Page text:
A cold remouillage (second wetting of the stock pot) can be substituted for the water to enhance the flavor of the stock
Ratios for Stocks
Cooking a Stock
Stocks are gently simmered, never boiled, to extract their flavors. They must be started in cold water to gently open and release impurities, caused by proteins in the meat and bones to rise to the top and be easily skimmed from the surface. The bones are sometimes roasted with the mirepoix for a robust flavor or blanched in water and rinsed for a clearer and lighter stock. Vegetables, herbs and spices are usually added towards the end of the cooking process (except when preparing a brown stock) to preserve their freshness and flavor. Once cooked the liquid is strained and can then be used immediately or cooled and stored for later use. The strained bones can be re-wet and cooked a second time with a fresh mirepoix if desired as a way to stretch and maximize the ingredients.
Use a tall pot to prevent too much evaporation, and one with a spigot to make straining the stock easier.
Blanch, sweat, or brown the bones (and mirepoix) if desired.
Start the stock in cold water. As it heats up, blood and other impurities will dissolve in the water and rise to the top.
For ultimate clarity, skim off the impurities as they rise to the surface.
To avoid a cloudy stock do not stir while it is cooking because the impurities will get trapped in the liquid.
Replenish liquid as needed if it evaporates but avoid diluting the flavor and body of the stock.
Simmer the stock gently – never allow it to boil.
Strain the stock using a chinois or china cap lined with cheesecloth.
Cool the stock quickly or use immediately.
There is much debate over how long a stock should cook to extract the greatest amount of flavor. The general wisdom is that fish and vegetable stocks take about 45 minutes to one hour. A poultry stock takes about four hours and meat stocks take up to eight hours. The deciding factor in the length of cooking, especially for meat and poultry stocks, is actually the size of the bones and other ingredients. The smaller the bones are cut, the less time required for extracting the maximum flavor. Famed French Chef Michel Roux states that cooking a fish stock for 30 minutes is sufficient. Poultry and meat stocks should be cooked no more than 2 ½ hours.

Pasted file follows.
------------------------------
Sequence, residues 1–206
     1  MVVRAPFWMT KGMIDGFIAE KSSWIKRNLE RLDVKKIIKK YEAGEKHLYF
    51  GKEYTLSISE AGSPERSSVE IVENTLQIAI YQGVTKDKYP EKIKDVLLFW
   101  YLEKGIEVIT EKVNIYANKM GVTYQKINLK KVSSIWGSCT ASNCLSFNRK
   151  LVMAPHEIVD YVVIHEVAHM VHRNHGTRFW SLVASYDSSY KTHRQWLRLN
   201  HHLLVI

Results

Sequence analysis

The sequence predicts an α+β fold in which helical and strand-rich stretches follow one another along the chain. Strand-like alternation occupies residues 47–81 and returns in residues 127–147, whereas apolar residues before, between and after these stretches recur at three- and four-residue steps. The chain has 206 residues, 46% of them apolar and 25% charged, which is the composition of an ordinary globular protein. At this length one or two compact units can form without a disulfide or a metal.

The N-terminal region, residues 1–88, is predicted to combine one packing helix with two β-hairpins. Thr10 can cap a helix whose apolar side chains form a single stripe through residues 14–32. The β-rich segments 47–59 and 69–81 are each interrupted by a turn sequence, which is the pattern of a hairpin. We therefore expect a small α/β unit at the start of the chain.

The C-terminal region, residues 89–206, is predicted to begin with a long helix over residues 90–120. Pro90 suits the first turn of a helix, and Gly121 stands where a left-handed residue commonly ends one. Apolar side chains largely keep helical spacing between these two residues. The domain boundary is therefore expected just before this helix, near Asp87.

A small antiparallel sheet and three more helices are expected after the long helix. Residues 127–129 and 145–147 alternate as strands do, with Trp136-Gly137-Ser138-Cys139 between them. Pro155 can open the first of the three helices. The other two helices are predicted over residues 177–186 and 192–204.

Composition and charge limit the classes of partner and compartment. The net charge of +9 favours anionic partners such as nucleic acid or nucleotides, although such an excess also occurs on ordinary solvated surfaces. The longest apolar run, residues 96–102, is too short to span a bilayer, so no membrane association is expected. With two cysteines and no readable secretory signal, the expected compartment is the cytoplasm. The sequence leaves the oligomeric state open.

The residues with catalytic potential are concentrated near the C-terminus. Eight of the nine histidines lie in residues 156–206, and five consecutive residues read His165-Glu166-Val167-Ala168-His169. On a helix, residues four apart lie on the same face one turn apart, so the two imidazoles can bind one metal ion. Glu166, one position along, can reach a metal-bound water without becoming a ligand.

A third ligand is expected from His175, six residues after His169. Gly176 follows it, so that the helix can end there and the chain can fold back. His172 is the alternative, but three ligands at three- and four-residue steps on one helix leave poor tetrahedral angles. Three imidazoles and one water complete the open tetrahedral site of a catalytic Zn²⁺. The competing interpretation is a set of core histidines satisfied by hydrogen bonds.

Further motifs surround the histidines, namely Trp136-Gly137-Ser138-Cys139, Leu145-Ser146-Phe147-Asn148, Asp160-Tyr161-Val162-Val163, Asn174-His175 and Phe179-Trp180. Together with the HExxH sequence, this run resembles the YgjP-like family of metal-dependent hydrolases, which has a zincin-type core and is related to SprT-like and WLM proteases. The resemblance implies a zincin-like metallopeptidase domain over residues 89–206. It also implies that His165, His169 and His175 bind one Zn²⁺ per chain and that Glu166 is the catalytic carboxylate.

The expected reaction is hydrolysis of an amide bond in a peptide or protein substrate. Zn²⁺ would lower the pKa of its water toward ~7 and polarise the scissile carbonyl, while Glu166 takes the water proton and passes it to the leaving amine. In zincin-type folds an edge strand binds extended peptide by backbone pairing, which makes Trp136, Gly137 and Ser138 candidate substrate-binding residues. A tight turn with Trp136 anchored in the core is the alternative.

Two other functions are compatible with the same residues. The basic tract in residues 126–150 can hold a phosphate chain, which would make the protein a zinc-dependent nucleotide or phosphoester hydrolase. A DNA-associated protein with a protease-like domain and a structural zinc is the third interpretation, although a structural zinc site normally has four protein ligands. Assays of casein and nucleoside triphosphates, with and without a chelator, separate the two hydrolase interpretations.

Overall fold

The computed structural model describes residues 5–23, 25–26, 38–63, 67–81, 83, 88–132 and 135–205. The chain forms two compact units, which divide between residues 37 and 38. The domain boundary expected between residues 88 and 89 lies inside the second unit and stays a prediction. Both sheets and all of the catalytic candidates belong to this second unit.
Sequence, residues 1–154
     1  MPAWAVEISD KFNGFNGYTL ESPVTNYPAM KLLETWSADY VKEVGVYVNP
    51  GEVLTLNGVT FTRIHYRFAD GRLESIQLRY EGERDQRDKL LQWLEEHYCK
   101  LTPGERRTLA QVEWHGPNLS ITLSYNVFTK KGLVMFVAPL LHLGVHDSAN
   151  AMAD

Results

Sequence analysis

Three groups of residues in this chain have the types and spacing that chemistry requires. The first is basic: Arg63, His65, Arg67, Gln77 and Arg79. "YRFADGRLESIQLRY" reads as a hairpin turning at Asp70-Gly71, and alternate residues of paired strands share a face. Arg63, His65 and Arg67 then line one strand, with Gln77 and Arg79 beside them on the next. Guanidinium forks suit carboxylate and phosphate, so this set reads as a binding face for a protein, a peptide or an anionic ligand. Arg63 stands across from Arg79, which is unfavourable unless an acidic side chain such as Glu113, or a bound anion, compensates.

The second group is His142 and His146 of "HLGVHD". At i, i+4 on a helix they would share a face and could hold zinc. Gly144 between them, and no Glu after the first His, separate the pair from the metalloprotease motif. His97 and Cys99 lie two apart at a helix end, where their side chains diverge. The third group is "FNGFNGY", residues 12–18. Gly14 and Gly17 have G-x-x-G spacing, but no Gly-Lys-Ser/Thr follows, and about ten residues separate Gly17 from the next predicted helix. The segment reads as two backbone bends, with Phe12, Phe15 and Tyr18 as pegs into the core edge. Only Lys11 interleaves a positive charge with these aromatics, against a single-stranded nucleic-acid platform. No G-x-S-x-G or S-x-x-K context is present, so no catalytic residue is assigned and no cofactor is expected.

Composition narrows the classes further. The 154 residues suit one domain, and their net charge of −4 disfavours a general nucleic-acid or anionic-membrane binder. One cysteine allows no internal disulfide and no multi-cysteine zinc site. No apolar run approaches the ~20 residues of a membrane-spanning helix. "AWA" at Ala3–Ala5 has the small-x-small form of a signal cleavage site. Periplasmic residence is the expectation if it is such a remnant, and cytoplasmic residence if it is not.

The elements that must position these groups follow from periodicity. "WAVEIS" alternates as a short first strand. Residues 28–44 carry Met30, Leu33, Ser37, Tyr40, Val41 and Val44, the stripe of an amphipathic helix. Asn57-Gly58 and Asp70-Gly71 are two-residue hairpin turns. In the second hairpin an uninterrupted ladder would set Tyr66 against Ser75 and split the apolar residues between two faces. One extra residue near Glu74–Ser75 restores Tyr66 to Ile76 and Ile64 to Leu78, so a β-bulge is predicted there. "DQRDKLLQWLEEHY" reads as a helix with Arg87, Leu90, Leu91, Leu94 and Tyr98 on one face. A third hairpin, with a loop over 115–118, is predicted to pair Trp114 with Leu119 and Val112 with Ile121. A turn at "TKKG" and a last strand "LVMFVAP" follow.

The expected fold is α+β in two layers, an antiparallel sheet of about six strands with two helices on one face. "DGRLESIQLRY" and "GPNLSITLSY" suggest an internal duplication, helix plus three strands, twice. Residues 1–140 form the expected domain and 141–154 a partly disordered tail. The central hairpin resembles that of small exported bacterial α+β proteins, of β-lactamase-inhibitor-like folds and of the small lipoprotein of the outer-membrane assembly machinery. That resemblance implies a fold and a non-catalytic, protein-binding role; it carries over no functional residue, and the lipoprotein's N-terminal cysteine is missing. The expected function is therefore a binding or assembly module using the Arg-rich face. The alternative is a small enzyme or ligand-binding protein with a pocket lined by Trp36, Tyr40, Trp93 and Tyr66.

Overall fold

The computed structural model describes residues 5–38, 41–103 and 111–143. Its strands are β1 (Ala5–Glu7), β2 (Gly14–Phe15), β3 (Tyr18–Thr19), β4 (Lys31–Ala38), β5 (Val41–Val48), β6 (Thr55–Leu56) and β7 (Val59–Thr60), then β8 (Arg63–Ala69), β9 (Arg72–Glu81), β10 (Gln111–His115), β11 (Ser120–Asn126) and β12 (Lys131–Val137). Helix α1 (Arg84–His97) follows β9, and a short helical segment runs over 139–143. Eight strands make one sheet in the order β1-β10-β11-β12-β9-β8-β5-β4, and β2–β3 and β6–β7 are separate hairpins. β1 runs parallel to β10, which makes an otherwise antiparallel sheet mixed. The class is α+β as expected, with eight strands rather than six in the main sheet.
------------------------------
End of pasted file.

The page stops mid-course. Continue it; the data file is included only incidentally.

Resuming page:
A remouillage is a second wetting of the stock pot. After the stock is cooked and strained, rewet the bones with fresh water, and cook a second time. Add mirepoix and a fresh sachet to the second wetting to enhance the flavor.
Glace and Reductions
Finished stocks can be further cooked to concentrate their flavors and increase viscosity. A glace or glaze is the reduction of a stock by 75% or more to a syrup consistency. These reductions can be used for sauces or as a natural soup base.
Tips to Improve Stocks
Cut bones 2”-3” to maximize the flavor and reduce cooking time.
For meat stocks, add gelatinous cuts like veal or pork feet that contributes a smoothness and richness to the stock; Un-smoked ham or pork shanks and pork rind can also be used for the same purpose. Use meat trimmings that are cleaned of fat.
If veal bones are too expensive for the kitchen budget, substitute chicken or turkey bones. A brown chicken or turkey stock can be quite versatile in the kitchen as a light substitute for brown veal or beef stock.
Make sure to balance the ingredients so that the flavor is harmonious. Too much mirepoix in a meat, poultry or fish stock will make it taste either too sweet or bitter and out of balance.
For herbs and spices, prolonged cooking results in loss of flavor; add herbs towards the end of the cooking process to give it a fresh flavor boost.
Avoid adding salt if reducing the stock later.
For brown stocks, caramelize the ingredients for added color, flavor and complexity. This can be done for any type of stock including meats, poultry, fish and vegetable.
Always start with cold water.
Don’t add too much water as it will only dilute the flavor.
Simmer gently and skim to remove impurities that rise to the surface.
For a clear stock, never let it boil and never stir it.
Avoid adding salt if reducing the stock later.
Concentrate the flavors by simmering the stock further after straining.
Make a double or triple stock by substituting a prepared stock or remouillage in place of plain water. Although this can be expensive, it may be suited for some operations that use stocks and reductions in place of classic French Grande Sauces like demi-glace and velouté.